In a well-executed stroke, some body parts (hands, wrists, arms, chest, shoulders) move, while others (feet, knees, hips, head, eyes) do not.
Managing the action (or lack thereof) is critical — otherwise, you’ll have little chance of starting the ball on your intended line, to say nothing about rolling it at the correct pace based on your read and putt length.
The key is to marry or coordinate all the moving parts so that they work in concert — not against each other — during your stroke. Doing so makes returning the putter to its most optimal position at impact a breeze.
The goal is to strike the middle of the ball with the middle of the putterface while returning the shaft to its original 90-degree start position and the face square to your start line. Begin with the moves below. By nailing these steps, you’ll make pure, square contact second nature, and kick those round-killing short misses and three-putts to the curb for good.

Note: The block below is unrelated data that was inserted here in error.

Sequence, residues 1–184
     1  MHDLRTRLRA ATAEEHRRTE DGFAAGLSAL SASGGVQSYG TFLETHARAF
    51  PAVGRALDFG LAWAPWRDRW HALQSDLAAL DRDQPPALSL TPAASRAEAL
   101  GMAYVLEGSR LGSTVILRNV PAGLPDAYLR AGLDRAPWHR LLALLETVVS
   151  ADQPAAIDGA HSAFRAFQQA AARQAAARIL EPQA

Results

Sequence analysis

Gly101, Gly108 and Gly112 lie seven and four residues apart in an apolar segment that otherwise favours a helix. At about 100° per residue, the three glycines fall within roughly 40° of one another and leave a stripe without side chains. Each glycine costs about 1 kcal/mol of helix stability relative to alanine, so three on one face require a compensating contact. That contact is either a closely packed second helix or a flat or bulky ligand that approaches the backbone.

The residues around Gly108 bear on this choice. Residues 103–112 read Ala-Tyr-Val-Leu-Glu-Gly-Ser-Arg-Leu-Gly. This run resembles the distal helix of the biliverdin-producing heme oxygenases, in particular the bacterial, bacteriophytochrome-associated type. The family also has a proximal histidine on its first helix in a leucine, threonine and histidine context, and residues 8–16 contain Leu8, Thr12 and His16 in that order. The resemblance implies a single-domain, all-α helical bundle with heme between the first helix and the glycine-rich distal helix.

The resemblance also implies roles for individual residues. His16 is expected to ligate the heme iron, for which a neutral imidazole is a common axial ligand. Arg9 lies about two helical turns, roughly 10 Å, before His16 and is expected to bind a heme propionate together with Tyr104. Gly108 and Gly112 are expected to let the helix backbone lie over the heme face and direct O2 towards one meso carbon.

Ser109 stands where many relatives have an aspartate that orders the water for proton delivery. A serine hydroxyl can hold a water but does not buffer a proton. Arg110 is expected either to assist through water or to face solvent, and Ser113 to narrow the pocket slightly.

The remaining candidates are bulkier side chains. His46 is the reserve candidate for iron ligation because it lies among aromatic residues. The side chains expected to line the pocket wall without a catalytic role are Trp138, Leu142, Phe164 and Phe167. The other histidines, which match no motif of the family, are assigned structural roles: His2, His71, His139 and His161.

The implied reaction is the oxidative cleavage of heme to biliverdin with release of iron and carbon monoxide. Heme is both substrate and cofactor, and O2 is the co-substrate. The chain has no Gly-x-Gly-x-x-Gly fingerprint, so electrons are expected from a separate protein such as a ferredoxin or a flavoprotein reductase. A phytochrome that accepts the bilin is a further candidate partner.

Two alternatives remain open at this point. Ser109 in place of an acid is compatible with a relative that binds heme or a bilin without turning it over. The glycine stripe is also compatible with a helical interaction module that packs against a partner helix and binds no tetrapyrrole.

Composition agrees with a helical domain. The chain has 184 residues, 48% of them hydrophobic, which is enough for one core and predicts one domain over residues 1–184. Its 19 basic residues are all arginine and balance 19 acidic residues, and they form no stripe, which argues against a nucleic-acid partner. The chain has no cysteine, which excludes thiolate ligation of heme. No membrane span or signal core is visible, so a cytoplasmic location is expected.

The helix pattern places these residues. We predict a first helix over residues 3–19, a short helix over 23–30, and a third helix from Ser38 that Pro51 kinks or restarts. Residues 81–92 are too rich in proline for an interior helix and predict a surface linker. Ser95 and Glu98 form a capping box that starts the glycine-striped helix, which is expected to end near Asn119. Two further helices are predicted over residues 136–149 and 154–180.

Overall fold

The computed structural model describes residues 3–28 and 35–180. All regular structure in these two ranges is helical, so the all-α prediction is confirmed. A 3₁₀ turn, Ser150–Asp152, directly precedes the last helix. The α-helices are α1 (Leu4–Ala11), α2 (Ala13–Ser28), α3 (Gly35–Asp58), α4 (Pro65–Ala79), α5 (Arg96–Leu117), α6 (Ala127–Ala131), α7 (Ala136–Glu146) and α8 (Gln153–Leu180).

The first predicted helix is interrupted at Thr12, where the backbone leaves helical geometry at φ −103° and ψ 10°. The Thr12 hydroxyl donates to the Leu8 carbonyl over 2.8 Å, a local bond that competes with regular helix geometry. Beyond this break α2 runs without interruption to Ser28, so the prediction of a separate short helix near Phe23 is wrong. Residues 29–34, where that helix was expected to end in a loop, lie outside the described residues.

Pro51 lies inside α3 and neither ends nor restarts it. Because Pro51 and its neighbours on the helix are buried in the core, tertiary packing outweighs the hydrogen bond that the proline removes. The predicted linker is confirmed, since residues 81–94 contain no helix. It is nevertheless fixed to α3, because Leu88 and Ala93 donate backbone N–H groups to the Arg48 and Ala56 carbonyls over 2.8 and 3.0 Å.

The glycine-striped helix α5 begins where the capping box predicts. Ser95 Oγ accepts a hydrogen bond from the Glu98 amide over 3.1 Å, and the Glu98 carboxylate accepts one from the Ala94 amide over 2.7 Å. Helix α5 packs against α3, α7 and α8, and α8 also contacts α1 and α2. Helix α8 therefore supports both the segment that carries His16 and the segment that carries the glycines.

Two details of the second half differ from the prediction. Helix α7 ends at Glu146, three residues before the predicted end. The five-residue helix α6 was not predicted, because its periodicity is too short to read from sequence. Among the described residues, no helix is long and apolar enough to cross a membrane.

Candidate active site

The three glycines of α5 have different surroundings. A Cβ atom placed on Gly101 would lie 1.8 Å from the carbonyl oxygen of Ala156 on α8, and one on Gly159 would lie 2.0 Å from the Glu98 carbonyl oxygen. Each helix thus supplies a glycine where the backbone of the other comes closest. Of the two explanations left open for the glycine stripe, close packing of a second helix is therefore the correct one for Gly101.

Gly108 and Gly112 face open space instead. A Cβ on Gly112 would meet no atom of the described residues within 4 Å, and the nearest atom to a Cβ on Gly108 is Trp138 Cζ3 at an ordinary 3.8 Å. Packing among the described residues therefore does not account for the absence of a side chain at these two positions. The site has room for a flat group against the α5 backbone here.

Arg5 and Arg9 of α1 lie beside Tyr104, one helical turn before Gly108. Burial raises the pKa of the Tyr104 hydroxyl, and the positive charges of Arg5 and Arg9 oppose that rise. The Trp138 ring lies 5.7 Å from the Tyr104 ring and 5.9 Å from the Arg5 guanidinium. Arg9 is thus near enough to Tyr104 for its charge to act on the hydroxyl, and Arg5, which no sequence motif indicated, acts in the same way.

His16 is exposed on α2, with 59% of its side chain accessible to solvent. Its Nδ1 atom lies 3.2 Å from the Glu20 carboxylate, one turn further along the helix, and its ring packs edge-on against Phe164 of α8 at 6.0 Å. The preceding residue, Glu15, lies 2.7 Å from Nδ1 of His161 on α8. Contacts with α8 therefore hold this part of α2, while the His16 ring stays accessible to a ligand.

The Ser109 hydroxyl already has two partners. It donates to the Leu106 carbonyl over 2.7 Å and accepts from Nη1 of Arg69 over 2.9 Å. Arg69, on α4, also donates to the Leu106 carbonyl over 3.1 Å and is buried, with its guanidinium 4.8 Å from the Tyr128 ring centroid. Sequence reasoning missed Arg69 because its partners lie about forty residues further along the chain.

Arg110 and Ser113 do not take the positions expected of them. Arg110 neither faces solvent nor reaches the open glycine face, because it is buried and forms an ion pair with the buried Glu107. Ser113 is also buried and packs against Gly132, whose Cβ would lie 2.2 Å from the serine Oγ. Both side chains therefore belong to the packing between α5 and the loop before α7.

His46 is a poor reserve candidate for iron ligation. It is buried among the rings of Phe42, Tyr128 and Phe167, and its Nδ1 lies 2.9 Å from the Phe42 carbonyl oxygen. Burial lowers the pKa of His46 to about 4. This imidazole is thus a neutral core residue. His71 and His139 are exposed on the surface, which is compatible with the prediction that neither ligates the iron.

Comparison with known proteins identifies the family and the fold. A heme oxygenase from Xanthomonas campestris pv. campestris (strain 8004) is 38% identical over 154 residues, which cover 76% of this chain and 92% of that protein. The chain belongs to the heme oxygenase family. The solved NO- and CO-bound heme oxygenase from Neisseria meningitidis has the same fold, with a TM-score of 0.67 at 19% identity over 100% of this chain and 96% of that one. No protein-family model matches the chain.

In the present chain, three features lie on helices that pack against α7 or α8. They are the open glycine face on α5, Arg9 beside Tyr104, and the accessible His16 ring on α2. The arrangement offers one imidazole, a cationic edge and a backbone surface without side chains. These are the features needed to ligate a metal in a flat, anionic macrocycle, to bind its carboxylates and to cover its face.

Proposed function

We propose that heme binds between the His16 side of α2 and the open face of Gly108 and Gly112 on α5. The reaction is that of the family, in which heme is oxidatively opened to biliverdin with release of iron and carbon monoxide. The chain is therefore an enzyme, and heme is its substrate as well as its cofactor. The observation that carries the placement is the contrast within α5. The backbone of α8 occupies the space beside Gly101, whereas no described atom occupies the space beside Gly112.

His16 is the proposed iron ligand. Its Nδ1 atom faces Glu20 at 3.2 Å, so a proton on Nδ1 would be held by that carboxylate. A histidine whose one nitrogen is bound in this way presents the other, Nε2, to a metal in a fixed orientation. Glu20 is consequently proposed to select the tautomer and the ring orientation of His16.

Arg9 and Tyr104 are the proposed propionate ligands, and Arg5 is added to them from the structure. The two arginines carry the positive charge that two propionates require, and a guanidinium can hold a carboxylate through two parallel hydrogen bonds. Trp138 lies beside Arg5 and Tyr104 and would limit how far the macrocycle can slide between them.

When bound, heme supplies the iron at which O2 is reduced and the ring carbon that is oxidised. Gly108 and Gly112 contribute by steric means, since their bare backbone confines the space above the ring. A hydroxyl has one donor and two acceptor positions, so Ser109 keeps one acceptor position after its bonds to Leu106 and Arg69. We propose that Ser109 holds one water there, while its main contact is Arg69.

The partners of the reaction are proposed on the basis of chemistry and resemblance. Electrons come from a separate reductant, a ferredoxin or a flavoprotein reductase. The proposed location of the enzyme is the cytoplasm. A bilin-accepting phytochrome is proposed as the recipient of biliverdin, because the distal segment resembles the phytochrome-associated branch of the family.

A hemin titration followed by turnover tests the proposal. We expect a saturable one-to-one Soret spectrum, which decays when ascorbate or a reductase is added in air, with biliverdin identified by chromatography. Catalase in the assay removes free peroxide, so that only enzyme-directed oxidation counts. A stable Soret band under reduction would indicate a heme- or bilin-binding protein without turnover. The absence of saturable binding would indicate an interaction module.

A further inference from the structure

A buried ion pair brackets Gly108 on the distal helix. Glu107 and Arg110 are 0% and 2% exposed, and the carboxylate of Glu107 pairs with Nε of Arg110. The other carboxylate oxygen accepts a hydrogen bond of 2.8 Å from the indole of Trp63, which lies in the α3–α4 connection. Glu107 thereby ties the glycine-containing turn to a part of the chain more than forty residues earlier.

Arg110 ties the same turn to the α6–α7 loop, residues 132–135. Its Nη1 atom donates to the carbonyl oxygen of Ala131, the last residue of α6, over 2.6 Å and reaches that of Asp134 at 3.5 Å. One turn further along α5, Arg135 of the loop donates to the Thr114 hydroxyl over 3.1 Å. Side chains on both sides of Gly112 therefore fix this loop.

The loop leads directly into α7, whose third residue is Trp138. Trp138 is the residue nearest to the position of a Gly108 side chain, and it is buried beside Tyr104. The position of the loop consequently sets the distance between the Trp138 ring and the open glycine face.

Let your arms hang softly from your shoulders, and grip the club so that the shaft sits 90 degrees to the ground. Check your hands — you should notice a small “cup” in the back of each wrist.
Think about moving everything — club, hands, arms, etc. — together. You’ll know you’re doing it correctly if your front shoulder moves slightly down and around and your “cups” remain intact.
Move your left shoulder in a smooth, uninterrupted arc up and around your head as your arms and the club swing through impact and beyond. Keep those cups in place!
NO! DON’T DO THIS
Losing your right cup is a common mistake, and it’s fueled by stopping your shoulders before you finish your stroke. Stop everything at the same time! When you do, your stroke is money.